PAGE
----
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The Determination of the Special Commissioners is not open to Criticism

Updated: Dec 10, 2022


International Investment Ltd v. Comptroller-General of Inland Revenue Malaysia


Privy Council

Diplock J, Viscount Dilhorne J, Fraser J, Keith J, Sir Robin Cooke J

[Appeal No. 20 Of 1976]

19 June 1978


Viscount Dilhorne J: (delivering the judgement of the Board)

The issue raised in this appeal is whether the Special Commissioners of Income Tax in Malaysia were entitled on the facts before them to find, as they did, that a profit made by the appellant company on the realisation of immovable property was chargeable to income tax under the Income Tax Ordinance, 1947.


The appellant company appealed by way of a Case Stated against the determination of the Special Commissioners, and their appeal was dismissed by the High Court of Malaya (H S Ong J).


An appeal from his judgment was dismissed by the Federal Court of Malaysia (Gill CJ Malaya, Raja Azlan Shah FJ and Wan Suleiman FJ).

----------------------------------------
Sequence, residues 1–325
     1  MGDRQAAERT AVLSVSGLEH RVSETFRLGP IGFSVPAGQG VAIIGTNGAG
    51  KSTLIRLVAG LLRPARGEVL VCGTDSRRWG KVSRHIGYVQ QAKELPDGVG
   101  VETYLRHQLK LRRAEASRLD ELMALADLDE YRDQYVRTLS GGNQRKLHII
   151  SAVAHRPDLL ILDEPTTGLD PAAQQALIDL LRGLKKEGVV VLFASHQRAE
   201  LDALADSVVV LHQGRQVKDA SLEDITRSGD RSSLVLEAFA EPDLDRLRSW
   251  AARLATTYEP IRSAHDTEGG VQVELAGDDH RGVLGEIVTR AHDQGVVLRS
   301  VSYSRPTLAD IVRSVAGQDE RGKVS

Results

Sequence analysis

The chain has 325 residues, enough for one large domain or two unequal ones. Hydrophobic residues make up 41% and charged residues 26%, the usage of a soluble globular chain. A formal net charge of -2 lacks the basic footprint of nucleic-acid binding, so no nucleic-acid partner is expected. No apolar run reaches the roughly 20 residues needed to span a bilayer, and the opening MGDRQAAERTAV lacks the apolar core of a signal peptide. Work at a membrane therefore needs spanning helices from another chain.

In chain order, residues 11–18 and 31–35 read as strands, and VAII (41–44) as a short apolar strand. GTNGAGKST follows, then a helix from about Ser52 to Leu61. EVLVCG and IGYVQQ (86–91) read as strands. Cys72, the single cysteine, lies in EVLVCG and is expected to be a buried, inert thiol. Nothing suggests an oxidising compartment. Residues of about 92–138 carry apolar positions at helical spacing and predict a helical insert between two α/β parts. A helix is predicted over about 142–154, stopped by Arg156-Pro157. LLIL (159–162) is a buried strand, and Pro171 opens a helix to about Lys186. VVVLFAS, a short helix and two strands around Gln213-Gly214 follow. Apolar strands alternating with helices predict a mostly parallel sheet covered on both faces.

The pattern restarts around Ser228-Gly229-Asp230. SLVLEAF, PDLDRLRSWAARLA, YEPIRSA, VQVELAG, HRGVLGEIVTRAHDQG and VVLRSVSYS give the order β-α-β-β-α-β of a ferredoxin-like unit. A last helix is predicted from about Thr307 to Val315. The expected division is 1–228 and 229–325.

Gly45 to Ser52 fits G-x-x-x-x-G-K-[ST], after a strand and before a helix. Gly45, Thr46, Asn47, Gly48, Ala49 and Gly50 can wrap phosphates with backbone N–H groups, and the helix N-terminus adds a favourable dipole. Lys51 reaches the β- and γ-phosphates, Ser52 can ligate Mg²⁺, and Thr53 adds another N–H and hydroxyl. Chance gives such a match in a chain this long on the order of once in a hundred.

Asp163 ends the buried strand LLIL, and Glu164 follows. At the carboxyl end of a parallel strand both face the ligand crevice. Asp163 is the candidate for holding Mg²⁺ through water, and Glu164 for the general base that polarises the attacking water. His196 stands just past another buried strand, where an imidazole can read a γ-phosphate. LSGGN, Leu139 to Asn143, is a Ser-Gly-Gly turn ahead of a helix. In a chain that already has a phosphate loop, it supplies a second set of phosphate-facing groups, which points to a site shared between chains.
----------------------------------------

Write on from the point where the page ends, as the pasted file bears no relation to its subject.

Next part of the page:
The present appeal is against the judgment of the Federal Court.


The appellant company was incorporated in 1962 with the objects inter alia of trafficking and otherwise dealing in or turning to account lands, buildings and immovable property of any description.


Its Memorandum of Association also included a wide variety of other objects, including developing land and investing in shares and securities.


Its authorised share capital was originally $500,000 in shares of $100 each, which increased in 1963 to $5 million.


On 31 December 1962, its issued share capital was $300,000 fully paid.


By 31 December 1963, this had been increased to $500,000, and application and allotment money of a further $500,000 had been received for shares which had not then been allotted.

In 1962 and 1963, it purchased several pieces of land in Penang Road, Penang, which together formed a block for a total price of $337,273.71.